The Digital Media and Learning Initiative
Data Visualization for K-12 Learning
This convening brought groups together in Princeton and in Palo Alto at the Carnegie Foundation for the Advancement of Teaching to discuss the question of how to make interactive data meaningful—collecting, integrating, analyzing, and presenting—over long time periods. Both groups had experts in data collection and interactive learning environments, building data visualization tools, school-based and informal learning, and digital assessment. The varied perspectives allowed for richer conversation around how to address the primary question.
Participants agreed that data visualization for K-12 learning holds unique challenges. There are many stakeholders in this arena for whom data is increasingly important, not just at the school level for No Child Left Behind, but for parents who want to know how their child is doing more specifically than a single letter grade for half a term; for teachers who want faster feedback on when students are struggling with a new concept; for students who need to be able to assess their own progress and judge areas where they can do more work or where they excel.
Since NCLB became law, ever more data is coming from standardized tests. Additionally, new forms of data are being produced from innovative learning tools, for example in schools with SMALLab (Situated Multimedia Art Learning Lab) or in after school programs like Global Kids. The growing multitude of data also takes a multitude of forms, as representation techniques advance with new technologies. These changes present unique opportunities and challenges: There is ever more data about ever more varied topics, which goes far beyond simply having an end of year test score on a state-required test.
As data becomes increasingly complex and varied, strategies to make that data meaningful must similarly grow more sophisticated, while keeping the results clear and intelligible. For example, if a teacher sees the output of a large blue circle for a given project, that has to mean something useful: that a child did well, or that a child needs more help. This is a challenge that designers must keep in mind when making tests or building tools for young people, as eventually data gains more power when connected to other data.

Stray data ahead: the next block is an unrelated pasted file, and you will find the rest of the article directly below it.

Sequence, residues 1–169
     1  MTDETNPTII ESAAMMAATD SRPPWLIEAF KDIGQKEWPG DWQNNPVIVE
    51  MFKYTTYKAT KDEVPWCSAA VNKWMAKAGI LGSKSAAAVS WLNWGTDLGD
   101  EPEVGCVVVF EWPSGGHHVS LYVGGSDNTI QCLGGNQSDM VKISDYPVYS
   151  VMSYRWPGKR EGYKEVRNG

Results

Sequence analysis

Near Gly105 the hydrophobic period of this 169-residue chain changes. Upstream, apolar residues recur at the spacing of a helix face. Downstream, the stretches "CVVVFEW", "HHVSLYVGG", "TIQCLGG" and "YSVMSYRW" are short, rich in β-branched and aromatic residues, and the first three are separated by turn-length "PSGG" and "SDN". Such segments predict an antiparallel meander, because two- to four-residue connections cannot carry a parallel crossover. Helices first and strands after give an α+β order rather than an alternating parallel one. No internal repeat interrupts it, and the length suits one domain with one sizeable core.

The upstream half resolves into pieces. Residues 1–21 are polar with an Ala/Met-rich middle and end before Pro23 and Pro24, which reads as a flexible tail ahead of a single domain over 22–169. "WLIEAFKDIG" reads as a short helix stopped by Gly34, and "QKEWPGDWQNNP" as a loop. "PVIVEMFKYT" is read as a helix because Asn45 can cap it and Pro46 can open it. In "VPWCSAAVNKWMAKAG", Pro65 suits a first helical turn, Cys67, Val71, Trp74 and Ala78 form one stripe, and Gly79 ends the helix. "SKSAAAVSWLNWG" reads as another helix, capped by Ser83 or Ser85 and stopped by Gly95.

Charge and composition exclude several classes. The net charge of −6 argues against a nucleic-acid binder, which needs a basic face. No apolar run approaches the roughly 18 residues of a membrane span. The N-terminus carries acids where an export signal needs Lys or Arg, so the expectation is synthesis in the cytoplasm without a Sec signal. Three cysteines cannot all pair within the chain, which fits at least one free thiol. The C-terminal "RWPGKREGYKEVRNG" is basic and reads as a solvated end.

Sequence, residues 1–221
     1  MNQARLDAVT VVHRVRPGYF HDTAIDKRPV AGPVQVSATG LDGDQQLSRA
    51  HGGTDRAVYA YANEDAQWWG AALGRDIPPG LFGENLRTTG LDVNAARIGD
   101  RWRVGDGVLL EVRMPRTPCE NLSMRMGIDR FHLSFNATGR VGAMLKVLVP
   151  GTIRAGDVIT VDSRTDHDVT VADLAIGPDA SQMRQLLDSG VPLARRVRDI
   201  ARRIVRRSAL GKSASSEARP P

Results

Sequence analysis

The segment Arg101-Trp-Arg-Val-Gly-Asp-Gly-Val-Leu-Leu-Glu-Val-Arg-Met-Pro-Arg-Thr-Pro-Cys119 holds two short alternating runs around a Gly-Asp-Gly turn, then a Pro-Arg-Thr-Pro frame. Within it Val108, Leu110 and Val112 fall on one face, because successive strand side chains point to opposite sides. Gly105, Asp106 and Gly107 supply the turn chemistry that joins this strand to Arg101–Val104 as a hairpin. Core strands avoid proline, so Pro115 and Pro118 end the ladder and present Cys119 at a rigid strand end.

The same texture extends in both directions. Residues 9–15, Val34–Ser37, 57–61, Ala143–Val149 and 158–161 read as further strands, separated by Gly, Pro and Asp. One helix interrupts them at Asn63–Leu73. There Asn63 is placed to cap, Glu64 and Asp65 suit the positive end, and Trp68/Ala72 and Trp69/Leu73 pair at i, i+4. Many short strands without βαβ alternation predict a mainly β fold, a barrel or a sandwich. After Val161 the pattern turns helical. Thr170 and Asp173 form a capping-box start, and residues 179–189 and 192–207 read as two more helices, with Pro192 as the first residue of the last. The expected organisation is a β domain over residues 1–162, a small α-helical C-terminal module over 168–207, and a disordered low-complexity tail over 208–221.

Participants discussed how in some ways, one good analogy for successful data visualization in learning in learning is a well-designed game: the player and anyone watching the play know immediately where the player is in the game, how she is doing, what resources she has, and where she goes next. There is transparency, quick feedback, clear scoring, and evident objectives; most importantly, all of these are easily and immediately interpretable.
Producing data is an important first step. But it is far from enough. In schools across the country, parents can see teachers and administrators wrestle with these challenges in the simple question: how should a child’s report card look? Is a letter grade enough? Should there be handwritten comments? Should tropes brought into the classroom to help students learn be reflected in what a parent sees? How often should information on the student go home?
After discussing challenges that each person was facing in his or her own work, participants agreed that they wanted to learn more. Coming out of these discussions, some participants wanted to begin working on a resource that will show examples of data visualization, both stronger and weaker. Ideally, this will evolve into a resource that people in the education field can share and contribute to in all phases, from data sets to analysis to visualizations.